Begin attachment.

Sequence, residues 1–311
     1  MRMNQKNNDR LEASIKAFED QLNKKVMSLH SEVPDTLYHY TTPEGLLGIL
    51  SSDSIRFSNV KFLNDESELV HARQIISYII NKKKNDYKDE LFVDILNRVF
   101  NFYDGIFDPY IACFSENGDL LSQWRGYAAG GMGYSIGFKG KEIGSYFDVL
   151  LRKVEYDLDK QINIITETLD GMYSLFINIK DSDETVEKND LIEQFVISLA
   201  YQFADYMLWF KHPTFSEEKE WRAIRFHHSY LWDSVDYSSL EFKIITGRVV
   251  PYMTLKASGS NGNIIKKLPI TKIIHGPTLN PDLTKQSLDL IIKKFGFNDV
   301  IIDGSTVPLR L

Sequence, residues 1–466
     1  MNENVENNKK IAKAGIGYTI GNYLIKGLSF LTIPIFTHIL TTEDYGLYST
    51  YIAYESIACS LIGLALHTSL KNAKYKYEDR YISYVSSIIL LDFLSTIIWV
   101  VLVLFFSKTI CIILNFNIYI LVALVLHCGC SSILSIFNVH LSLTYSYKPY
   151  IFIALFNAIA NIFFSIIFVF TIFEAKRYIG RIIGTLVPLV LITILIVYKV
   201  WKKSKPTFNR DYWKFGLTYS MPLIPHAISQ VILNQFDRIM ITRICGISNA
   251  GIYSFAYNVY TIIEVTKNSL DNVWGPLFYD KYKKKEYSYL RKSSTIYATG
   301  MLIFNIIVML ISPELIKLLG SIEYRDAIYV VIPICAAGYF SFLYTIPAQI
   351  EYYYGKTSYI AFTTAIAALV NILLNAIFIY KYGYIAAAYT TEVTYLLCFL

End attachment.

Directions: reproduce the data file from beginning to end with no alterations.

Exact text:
Sequence, residues 1–311
     1  MRMNQKNNDR LEASIKAFED QLNKKVMSLH SEVPDTLYHY TTPEGLLGIL
    51  SSDSIRFSNV KFLNDESELV HARQIISYII NKKKNDYKDE LFVDILNRVF
   101  NFYDGIFDPY IACFSENGDL LSQWRGYAAG GMGYSIGFKG KEIGSYFDVL
   151  LRKVEYDLDK QINIITETLD GMYSLFINIK DSDETVEKND LIEQFVISLA
   201  YQFADYMLWF KHPTFSEEKE WRAIRFHHSY LWDSVDYSSL EFKIITGRVV
   251  PYMTLKASGS NGNIIKKLPI TKIIHGPTLN PDLTKQSLDL IIKKFGFNDV
   301  IIDGSTVPLR L

Sequence, residues 1–466
     1  MNENVENNKK IAKAGIGYTI GNYLIKGLSF LTIPIFTHIL TTEDYGLYST
    51  YIAYESIACS LIGLALHTSL KNAKYKYEDR YISYVSSIIL LDFLSTIIWV
   101  VLVLFFSKTI CIILNFNIYI LVALVLHCGC SSILSIFNVH LSLTYSYKPY
   151  IFIALFNAIA NIFFSIIFVF TIFEAKRYIG RIIGTLVPLV LITILIVYKV
   201  WKKSKPTFNR DYWKFGLTYS MPLIPHAISQ VILNQFDRIM ITRICGISNA
   251  GIYSFAYNVY TIIEVTKNSL DNVWGPLFYD KYKKKEYSYL RKSSTIYATG
   301  MLIFNIIVML ISPELIKLLG SIEYRDAIYV VIPICAAGYF SFLYTIPAQI
   351  EYYYGKTSYI AFTTAIAALV NILLNAIFIY KYGYIAAAYT TEVTYLLCFL